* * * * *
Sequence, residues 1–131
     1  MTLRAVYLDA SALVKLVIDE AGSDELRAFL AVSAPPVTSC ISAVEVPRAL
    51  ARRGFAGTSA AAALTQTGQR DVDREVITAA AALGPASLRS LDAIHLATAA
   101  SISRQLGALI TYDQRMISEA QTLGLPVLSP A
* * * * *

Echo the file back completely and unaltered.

Sequence, residues 1–131
     1  MTLRAVYLDA SALVKLVIDE AGSDELRAFL AVSAPPVTSC ISAVEVPRAL
    51  ARRGFAGTSA AAALTQTGQR DVDREVITAA AALGPASLRS LDAIHLATAA
   101  SISRQLGALI TYDQRMISEA QTLGLPVLSP A